Hopefully those that got burnt will be able to find a legal way to get out of paying these large amounts of money and they will immediately move on to the next post if they ever see an offer like this again. It was a hard lesson for some to learn but NEVER, EVER GIVE OUR PERSONAL INFORMATION SUCH AS THIS.


8 people have liked this post!
Share this:
Martha Demeo

I started my blog to review products. Since then it has evolved and now I teach people how to earn money online from the comfort of their home. Join the conversation. Leave a comment below.

14 Discussion to this post

  1. I’ve agreed with you this entire time. I’m sure a lot of people’s private info has been sold on the dark web, too.

  2. Alana says:

    Such good advice. If it is too good to be true, it’s a scam. Anyone who asks for your password….that is NEVER legit. Copy of drivers’s license? Seriously? Wow. This is so very sad. I’ve already lost much of my faith in humanity.

  3. Martha says:

    I couldn’t get over the number of people that fell for this Alana! I even posted when it first was going around, warning them but they just saw the “free laptop” and jumped on it. I can’t imagine where all their private info is going or has gone.

  4. Martha says:

    I’m sure their private info has been sold all over! It may quite down and then show up even years down the road. So scary and hard to believe that people would give the email addy AND password with their driver’s license. Hopefully they can recoup some of the money that our out. I knew you and I had the same thoughts from day one Carol!

  5. I reiterate my comment from 14 April. Too much information was being imparted. And, that information is what left these folks at risk.

  6. Martha says:

    I tried to warn those that giving out personal info especially email and password we’re red flags. They didn’t listen now they owe large sums of money for bogus accounts set up in their names. The $100 laptop wasn’t worth it. Thanks for visiting Roy.

  7. Kasia says:

    The first red flag is when they ask for personal information. The kind of stuff you are never to give away. Why would anybody give away their passwords is beyond me. Never trust stuff like this. It’s sad to hear that people fell for it and lost money on it. If anybody offers you something for free do your research. See what other people are saying about it and never trust it blindly. I”m glad you didn’t fall for it Martha and thanks for warning others.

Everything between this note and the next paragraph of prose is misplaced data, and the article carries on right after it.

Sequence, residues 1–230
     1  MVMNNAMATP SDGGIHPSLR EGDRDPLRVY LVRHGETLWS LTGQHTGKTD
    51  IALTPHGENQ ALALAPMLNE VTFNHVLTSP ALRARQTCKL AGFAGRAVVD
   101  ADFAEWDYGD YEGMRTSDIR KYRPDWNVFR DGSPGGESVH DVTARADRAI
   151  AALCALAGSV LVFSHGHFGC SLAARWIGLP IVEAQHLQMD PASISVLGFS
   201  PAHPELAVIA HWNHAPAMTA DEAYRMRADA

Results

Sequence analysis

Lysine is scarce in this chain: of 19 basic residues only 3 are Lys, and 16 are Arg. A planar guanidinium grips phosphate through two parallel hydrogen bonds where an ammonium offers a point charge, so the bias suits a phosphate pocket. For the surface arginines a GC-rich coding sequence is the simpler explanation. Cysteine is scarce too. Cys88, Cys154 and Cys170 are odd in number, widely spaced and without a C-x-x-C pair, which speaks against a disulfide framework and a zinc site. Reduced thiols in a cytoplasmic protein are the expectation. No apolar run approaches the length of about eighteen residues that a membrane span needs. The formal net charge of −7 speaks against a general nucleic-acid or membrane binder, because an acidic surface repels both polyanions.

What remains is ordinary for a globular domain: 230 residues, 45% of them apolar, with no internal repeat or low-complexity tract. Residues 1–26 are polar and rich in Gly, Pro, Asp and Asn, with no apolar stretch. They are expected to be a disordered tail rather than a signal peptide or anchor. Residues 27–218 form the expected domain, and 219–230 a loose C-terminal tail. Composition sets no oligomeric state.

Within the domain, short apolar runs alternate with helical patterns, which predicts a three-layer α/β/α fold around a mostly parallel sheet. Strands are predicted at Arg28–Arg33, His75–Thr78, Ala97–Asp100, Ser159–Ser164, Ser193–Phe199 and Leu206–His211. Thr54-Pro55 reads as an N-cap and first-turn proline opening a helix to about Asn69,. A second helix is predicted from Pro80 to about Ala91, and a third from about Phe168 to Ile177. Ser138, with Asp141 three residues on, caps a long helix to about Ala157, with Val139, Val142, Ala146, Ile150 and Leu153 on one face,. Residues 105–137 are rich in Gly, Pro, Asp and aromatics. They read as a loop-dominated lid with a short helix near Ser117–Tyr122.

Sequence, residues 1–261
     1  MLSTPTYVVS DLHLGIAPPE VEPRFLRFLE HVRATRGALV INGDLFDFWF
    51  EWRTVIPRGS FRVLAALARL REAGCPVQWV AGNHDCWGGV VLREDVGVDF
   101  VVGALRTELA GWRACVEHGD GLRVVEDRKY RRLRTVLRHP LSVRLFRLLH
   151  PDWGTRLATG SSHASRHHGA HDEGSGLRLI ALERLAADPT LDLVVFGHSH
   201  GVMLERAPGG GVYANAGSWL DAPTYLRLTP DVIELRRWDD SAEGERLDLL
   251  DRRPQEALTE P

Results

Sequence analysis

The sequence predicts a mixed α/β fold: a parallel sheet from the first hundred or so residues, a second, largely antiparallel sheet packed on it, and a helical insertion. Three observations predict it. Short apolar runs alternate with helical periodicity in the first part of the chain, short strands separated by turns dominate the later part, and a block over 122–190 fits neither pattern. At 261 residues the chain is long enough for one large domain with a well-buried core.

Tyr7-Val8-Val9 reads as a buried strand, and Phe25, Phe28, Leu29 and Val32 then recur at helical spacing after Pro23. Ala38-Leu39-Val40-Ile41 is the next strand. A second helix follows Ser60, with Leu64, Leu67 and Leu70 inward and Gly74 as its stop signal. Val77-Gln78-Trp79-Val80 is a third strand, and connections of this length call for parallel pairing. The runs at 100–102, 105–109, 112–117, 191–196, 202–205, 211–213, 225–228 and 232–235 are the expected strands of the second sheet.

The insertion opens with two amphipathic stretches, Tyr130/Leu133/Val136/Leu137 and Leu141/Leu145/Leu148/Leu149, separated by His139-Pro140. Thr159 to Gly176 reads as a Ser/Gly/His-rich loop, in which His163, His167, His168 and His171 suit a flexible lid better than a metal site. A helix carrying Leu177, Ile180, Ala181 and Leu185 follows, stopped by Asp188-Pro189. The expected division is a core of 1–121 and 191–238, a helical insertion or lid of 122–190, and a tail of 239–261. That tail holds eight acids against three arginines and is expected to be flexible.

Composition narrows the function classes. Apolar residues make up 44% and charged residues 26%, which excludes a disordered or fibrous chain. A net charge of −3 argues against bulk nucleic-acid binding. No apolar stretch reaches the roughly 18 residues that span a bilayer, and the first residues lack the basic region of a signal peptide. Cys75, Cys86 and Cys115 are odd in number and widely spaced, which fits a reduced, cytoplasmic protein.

8. Sorry this happened, but glad you shared it.

  9. Martha says:

    I was amazed at the people that get upset with me, saying it was legit Kasia. I can’t imagine what they were thinking to give out all that private info! Now I’m getting messages from some saying they wish they had took heed to my first warning post. Thanks for visiting!

  10. Martha says:

    I tried to warn them, even told them that Google said it was a scam but some just didn’t listen. I think when some see “free”, they forget the consequences of certain things. I can’t imagine giving out an email and password! Thanks for stopping by Priscilla.

  11. Kevin says:

    It is scary how often stuff like this happens. Many times people are fooled by ‘FREE’. Like I constantly see ‘FREE’ book. While there are many ways you can get Free books, you have to be careful any time something seems to good to be true. Thank you for reminding everyone to be careful with sensitive info on line. It is all to easy to be scammed.

  12. Martha says:

    I am very cautious about anything that says “FREE” but this one was so scary with all the personal info they needed from people that signed up. Now they are finding themselves getting bills for ads that were made in their name which they had no idea about. It’s a true nightmare for them. Thanks for visiting Kevin.

  13. Jess says:

    Can you tell me what you know about TNF Marketing?? They are the ones behind one of these laptop scandals. A woman named Beverly claims to be the owner and she is adamant about being a legitimate business.

  14. Martha says:

    Since I didn’t fall for the offer Jess, I’m only going by what those that got scammed are telling me. From what I know, Beverly of TNF Marketing was the one that sent the laptops out. Some had viruses loaded in them and others had their identity used to make illegal ads. That’s all I know about Beverly.

Leave a Reply

Your email address will not be published.